Polarizer question.

Discussion in 'Photography Beginners' Forum' started by New Hampshire, Feb 10, 2007.

  1. New Hampshire

    New Hampshire TPF Noob!

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    I bought a circular polarizer to use with my 35mm SLR. I went to use it as described many times before (i.e. rotate the filter front untill you see the reduction in glare you want.) Well, rotating it really does not change what I see through the lens at all. To be fair, as far as I could tell from what I did see through the lens it looked like there was no glare anywheres. But just the point being I did not see any change like was noted. So I read that modern SLRs use different mirrors with half silvering or something like that. Will this really be a big deal or should I not worry as long as what I see looks ok?

    Brian
     
  2. DSLR noob

    DSLR noob TPF Noob!

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    It is more for contrast, but I noticed the same thing on my girlfriend's camera (35mm with polarizer too) one thing I did notice, rotate it with the camera pointed at a TV or computer screen, and it'll black out the image then make it reappear as you rotate it. I want a filter for my camera but I use a different diameter than her an dI haven't picked one up yet, but I often worry that I wouldn't know if I was using it right because of lack of instant changes in the viewfinder.
     
  3. PhotoHeather

    PhotoHeather TPF Noob!

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    There are no changes in the viewfinder? Then how do you know (when you lack a computer or tv screen) if you are using it right?

    (I'm a total noob)
     
  4. bla

    bla TPF Noob!

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    A polarizer receives scattered light rays (photons) from all directions and from all angles, but it only lets one specific angle through, whereas the rest is absorbed.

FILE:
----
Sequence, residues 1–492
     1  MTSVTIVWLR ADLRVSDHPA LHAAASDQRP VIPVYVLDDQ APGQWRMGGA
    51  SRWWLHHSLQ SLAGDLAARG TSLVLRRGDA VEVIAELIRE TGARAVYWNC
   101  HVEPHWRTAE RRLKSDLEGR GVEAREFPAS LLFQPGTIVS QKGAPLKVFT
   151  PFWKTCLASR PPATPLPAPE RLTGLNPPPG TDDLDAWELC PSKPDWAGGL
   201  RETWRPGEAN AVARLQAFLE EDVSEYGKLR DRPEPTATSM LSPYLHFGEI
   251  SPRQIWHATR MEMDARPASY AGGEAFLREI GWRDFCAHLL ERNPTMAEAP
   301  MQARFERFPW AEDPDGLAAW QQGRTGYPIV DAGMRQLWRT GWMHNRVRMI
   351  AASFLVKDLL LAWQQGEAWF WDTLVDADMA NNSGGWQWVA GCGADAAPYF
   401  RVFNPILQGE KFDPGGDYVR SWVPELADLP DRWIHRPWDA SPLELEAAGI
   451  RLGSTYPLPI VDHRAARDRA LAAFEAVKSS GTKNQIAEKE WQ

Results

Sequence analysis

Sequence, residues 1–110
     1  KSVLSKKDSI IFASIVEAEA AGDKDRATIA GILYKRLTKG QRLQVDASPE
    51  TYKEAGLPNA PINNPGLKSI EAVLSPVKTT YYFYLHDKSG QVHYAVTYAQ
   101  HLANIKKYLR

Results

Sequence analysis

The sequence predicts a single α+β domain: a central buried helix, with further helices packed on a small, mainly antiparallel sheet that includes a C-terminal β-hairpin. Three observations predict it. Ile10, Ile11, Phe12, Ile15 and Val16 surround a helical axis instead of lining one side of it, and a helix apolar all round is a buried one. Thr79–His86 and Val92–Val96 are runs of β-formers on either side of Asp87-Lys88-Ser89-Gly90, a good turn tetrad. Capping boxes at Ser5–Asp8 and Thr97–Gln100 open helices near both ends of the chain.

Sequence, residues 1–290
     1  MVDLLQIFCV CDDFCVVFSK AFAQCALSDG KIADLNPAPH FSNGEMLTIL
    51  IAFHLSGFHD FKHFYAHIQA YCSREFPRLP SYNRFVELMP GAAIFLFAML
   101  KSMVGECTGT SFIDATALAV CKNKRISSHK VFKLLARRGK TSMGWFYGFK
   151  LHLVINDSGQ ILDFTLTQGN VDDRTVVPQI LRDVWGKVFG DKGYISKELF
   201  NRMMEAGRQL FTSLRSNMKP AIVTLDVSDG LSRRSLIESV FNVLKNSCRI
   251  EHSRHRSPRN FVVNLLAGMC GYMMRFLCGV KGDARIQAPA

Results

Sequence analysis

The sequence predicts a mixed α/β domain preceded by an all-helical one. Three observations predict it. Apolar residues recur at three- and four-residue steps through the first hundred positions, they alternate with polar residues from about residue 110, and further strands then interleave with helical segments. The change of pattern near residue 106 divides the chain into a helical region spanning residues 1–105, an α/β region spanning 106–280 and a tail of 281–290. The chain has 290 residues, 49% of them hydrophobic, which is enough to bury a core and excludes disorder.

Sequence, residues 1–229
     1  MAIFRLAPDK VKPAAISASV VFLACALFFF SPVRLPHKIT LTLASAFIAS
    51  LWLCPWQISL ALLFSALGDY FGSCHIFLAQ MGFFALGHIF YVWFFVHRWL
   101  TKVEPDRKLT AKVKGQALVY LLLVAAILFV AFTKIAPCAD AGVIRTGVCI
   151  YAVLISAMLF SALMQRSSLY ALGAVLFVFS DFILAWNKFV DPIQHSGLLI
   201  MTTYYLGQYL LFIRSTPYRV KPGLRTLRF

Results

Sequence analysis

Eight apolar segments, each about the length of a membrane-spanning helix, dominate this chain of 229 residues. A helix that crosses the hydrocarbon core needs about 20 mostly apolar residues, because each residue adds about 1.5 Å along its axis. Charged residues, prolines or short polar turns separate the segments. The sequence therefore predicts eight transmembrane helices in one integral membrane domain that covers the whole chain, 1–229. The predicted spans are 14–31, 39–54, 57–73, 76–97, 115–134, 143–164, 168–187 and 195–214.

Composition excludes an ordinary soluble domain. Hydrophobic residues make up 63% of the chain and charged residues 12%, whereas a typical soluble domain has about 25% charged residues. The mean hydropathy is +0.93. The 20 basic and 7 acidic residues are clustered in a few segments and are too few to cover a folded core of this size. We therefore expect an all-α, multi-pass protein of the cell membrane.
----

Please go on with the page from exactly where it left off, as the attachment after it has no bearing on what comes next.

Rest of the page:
So then, based on that, what you see through your lens should be different enough for you to notice. Take the polarizer off, look through the lens, and then put it back on, and look again. There should be a significant difference.

    Polarizers and half-silvering should only cause problems together if you have a linear polarizer, as this will cause the camera's AF and metering to malfunction.

    Also, on an extra-wide-lens, various parts of the picture will have different degrees of polarization, so one part of the sky may be darker than another part.
     
  5. RacePhoto

    RacePhoto TPF Noob!

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    Polarizer filter reduces haze and reflected sunlight. It has the most effect when shooting at a 90 degree angle from the sun.

    Go outside and find a window with a reflection, or a car with glare off the bumpers or windows. Then look at it through the polarizing filter. Rotate the filter while you look at the window. You'll see the difference! :D

    If you are near water and have good Sunlight. You can't see into the water very far. With a polarizing filter you will be able to see through the glare.

    Then there are the other parts that people mentioned. Increased contrast is one of them.

    I can't find the "really good" article that explains everything with pictures and text, but here's one that coveres polarizing filters under the heading Without TTL control. It doesn't matter, the same applies and many of the tips are the same as TTL cameras, like how to tell if you have a circular or linear polarizing filter, best angle for cutting glare and metering.